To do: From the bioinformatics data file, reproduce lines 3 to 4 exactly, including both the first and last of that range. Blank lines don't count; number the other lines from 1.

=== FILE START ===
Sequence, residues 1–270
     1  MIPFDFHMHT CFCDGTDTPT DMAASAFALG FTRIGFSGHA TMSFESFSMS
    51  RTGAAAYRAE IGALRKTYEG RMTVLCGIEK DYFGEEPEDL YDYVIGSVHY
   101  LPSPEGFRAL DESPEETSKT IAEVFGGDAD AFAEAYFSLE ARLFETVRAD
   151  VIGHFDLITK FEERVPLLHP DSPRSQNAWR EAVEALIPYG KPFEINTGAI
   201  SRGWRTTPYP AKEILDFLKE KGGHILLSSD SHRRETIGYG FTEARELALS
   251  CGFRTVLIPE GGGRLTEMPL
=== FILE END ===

    51  RTGAAAYRAE IGALRKTYEG RMTVLCGIEK DYFGEEPEDL YDYVIGSVHY
   101  LPSPEGFRAL DESPEETSKT IAEVFGGDAD AFAEAYFSLE ARLFETVRAD